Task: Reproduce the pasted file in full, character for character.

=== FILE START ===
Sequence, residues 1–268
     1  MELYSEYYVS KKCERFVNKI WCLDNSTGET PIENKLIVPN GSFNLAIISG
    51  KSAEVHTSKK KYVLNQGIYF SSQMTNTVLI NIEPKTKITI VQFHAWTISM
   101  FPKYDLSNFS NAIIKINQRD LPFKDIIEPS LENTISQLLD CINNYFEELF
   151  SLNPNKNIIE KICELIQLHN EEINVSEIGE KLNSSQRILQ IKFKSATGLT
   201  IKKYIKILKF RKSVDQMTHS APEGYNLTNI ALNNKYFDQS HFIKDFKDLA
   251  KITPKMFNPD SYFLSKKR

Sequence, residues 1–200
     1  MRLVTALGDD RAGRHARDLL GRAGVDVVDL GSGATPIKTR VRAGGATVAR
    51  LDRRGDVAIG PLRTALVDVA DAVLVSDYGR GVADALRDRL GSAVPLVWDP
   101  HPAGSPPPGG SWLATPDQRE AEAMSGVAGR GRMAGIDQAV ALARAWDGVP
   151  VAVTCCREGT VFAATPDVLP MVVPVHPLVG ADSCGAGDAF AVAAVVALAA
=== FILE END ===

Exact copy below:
Sequence, residues 1–268
     1  MELYSEYYVS KKCERFVNKI WCLDNSTGET PIENKLIVPN GSFNLAIISG
    51  KSAEVHTSKK KYVLNQGIYF SSQMTNTVLI NIEPKTKITI VQFHAWTISM
   101  FPKYDLSNFS NAIIKINQRD LPFKDIIEPS LENTISQLLD CINNYFEELF
   151  SLNPNKNIIE KICELIQLHN EEINVSEIGE KLNSSQRILQ IKFKSATGLT
   201  IKKYIKILKF RKSVDQMTHS APEGYNLTNI ALNNKYFDQS HFIKDFKDLA
   251  KITPKMFNPD SYFLSKKR

Sequence, residues 1–200
     1  MRLVTALGDD RAGRHARDLL GRAGVDVVDL GSGATPIKTR VRAGGATVAR
    51  LDRRGDVAIG PLRTALVDVA DAVLVSDYGR GVADALRDRL GSAVPLVWDP
   101  HPAGSPPPGG SWLATPDQRE AEAMSGVAGR GRMAGIDQAV ALARAWDGVP
   151  VAVTCCREGT VFAATPDVLP MVVPVHPLVG ADSCGAGDAF AVAAVVALAA